This lesson did not go unremarked by the young
Walt Disney, then working at his Laugh-O-gram Films studio in Kansas City, Missouri. His first major character, Oswald the Lucky Rabbit, was a straightforward appropriation of Felix; when he lost the rights to the character in a dispute with his distributor, Disney simply modified Oswald’s ears and produced Mickey Mouse.
Far more revolutionary was Disney’s decision to create a cartoon with the novelty of synchronized sound.
(1928), Mickey’s third film, took the country by storm. A missing element—sound—had been added to animation, making the Steamboat Willie illusion of life that much more complete, that much more magical. Later, Disney would add carefully synchronized music ( , 1929), three-strip The Skeleton Dance Technicolor ( Flowers and Trees, 1932), and the illusion of depth with his multiplane camera ( The Old Mill, 1937). With each step, Disney seemed to come closer to a perfect naturalism, a painterly realism that suggested academic paintings of the 19th century. Disney’s resident technical wizard was Ub Iwerks, a childhood friend who followed Disney to Hollywood and was instrumental in the creation of the multiplane camera and the synchronization techniques that made the Mickey Mouse cartoons and the Silly Symphonies series seem so robust and fully dimensional.
For Disney, the final step was, of course,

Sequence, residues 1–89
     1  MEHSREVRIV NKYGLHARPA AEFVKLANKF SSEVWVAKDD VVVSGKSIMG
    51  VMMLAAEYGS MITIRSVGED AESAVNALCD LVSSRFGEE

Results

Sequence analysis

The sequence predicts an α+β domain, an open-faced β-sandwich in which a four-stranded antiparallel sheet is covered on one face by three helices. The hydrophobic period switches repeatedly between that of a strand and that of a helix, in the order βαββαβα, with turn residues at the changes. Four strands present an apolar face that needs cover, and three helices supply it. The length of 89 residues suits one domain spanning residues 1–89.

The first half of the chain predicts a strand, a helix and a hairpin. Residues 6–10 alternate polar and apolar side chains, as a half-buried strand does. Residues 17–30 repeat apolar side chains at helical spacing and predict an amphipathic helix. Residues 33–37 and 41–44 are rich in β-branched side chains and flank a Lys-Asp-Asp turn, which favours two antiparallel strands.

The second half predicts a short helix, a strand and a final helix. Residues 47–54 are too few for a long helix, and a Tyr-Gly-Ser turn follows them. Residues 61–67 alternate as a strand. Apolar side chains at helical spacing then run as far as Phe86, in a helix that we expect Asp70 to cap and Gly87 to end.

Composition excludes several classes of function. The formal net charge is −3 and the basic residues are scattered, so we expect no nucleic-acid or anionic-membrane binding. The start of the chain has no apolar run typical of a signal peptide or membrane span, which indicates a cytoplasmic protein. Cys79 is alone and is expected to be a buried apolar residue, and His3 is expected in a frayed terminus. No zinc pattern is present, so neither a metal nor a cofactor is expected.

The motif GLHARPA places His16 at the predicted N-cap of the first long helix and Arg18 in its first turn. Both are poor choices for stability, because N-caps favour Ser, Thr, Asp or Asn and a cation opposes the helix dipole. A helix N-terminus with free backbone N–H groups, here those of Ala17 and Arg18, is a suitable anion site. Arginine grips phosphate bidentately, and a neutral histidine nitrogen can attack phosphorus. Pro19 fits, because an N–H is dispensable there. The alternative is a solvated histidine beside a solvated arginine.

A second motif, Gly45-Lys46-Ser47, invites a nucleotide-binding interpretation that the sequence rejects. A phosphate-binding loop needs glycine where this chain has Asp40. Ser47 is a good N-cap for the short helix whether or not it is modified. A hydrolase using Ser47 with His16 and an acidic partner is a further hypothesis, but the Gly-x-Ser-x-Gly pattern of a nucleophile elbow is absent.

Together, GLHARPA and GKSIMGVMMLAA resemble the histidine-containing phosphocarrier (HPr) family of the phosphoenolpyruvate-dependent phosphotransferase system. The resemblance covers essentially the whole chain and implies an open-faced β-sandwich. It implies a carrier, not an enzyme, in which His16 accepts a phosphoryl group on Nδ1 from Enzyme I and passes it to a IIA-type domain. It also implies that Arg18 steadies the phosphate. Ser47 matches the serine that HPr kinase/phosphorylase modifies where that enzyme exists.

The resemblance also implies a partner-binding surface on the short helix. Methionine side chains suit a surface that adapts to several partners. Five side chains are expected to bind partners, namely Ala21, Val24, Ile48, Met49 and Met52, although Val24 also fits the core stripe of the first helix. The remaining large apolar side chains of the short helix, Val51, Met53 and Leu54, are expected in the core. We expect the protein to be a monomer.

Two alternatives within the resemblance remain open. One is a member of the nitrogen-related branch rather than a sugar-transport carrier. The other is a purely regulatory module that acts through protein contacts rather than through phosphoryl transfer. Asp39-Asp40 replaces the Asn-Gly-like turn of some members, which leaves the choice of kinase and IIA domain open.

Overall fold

(1937). Although not the first animated feature, it was the first to use up-to-the-minute techniques and the first to receive a wide, Hollywood-style release. Instead of amusing his audience with talking mice and Snow White and the Seven Dwarfs singing cows, Disney was determined to give them as profound a dramatic experience as the medium would allow; he reached into his own troubled childhood to interpret this rich fable of parental abandonment, sibling rivalry, and the onrush of adult passion. Snow White and the Seven Dwarfs lobby card Lobby card for the 1937 motion picture Snow White and the Seven Dwarfs. © 1937 Walt Disney Pictures. All rights reserved.
With his increasing insistence on photographic realism in films such as
(1940), Pinocchio (1940), Fantasia (1941), and Dumbo (1942), Disney perversely seemed to be trying to put himself out of business by imitating life too well. That was not the temptation followed by Disney’s chief rivals in the 1930s, all of whom came to specialize in their own kind of stylized Bambi mayhem. Fantasia A lobby card featuring a scene from the “The Sorcerer’s Apprentice” segment in Fantasia (1940). © The Walt Disney Company